The core function of marketing is to notice things about an audience of people that others don’t or won’t pay attention to. That’s hard for an audience as big as the US, which is a partial explanation for the protests and even the fiery riots.
In Talking to Strangers, Malcolm Gladwell traces the antagonism-policing en vogue in most major US police departments((there are about 12,000 federal, state, county, and municipal police departments in total in the US, each independent from one another – but a handful of the largest municipal police forces (LAPD, NYPD, etc) account for the vast majority of police – and police misconduct)) to well-intentioned but heavily flawed public policy research conducted in the 1970s and 1990s. The research essentially OK’d the use of signals/patterns to determine whether someone under observation is up to no good.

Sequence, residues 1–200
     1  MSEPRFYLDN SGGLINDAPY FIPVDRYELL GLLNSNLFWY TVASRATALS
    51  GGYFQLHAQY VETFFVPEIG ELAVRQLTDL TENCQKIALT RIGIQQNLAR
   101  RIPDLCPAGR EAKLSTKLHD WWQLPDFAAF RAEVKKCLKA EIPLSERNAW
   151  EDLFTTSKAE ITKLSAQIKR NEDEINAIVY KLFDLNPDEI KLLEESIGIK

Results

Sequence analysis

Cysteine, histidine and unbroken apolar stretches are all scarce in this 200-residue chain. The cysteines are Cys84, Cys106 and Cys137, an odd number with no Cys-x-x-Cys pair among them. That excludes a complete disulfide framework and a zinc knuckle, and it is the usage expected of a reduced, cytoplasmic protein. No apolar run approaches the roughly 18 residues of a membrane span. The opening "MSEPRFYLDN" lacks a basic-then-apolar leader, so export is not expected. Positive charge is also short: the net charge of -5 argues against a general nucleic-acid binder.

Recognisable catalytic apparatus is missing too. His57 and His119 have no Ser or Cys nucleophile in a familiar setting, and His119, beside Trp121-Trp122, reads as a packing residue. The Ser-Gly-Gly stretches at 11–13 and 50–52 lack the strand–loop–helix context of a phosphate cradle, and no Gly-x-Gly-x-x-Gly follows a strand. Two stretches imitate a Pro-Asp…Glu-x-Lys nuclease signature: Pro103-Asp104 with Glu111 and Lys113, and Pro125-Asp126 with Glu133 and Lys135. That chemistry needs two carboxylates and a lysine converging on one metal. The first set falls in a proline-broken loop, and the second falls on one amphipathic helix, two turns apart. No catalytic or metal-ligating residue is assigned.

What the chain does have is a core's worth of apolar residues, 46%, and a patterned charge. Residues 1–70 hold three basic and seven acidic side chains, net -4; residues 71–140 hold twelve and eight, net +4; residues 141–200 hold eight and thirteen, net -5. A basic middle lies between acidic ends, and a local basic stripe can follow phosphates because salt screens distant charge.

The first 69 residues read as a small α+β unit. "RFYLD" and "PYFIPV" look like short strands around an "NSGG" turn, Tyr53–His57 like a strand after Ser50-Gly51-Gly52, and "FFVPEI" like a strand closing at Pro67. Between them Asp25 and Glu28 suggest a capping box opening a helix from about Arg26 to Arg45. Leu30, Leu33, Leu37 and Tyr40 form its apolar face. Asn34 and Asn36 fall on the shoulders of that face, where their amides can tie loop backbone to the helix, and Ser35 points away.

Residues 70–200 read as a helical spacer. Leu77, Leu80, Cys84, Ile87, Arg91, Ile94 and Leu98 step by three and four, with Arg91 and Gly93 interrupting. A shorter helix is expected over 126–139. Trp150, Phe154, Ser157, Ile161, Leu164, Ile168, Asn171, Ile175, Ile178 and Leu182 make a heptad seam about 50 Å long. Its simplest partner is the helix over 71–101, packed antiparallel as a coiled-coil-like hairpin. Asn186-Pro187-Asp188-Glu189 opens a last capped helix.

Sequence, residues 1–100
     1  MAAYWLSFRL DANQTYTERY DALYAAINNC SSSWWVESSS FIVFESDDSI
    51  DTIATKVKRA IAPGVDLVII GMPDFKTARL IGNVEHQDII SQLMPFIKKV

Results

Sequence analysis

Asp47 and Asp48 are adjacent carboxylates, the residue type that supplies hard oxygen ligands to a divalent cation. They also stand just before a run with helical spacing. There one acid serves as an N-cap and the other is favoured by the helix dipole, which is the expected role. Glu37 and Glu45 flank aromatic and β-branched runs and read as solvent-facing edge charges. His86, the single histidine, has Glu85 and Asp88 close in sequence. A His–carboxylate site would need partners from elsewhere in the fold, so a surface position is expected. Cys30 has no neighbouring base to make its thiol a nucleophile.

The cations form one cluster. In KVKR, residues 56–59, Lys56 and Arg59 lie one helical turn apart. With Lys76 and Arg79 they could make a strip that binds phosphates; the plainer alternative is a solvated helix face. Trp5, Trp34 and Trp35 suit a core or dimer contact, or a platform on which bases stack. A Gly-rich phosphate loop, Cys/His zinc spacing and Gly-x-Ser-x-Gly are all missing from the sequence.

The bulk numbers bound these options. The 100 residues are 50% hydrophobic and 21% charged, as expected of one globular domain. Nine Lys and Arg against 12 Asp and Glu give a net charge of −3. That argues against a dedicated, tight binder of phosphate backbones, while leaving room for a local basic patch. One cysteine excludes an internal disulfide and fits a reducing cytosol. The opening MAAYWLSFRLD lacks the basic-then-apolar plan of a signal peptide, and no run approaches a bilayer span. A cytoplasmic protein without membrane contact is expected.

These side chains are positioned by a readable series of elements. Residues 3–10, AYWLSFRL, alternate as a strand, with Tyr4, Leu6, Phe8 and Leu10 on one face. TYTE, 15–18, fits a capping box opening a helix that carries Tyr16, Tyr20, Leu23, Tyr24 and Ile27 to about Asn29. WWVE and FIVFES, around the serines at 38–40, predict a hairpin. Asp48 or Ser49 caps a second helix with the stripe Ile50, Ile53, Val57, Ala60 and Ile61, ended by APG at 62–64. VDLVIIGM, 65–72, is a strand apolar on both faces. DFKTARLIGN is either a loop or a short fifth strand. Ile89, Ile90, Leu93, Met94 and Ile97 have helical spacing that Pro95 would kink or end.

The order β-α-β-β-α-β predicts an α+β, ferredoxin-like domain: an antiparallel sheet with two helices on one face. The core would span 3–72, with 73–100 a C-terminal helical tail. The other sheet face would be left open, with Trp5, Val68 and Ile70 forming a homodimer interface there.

But the core principle of the book, supported by ample research, is that we rarely have any clue whatsoever what other people, let alone strangers, are thinking and feeling. Even though we all believe otherwise. This is as true of KGB, MI5, and CIA operatives as it is of the town cop in Ferguson, Missouri.
But people love the role of a poker player, looking for tells. Gambling other people’s money, in this case.
Marketing, on the other hand, requires us never to assume we know what our audience is thinking – until they pay for it.
That’s why the central question for your business becomes, “what is your audience happy to pay you to do for them?”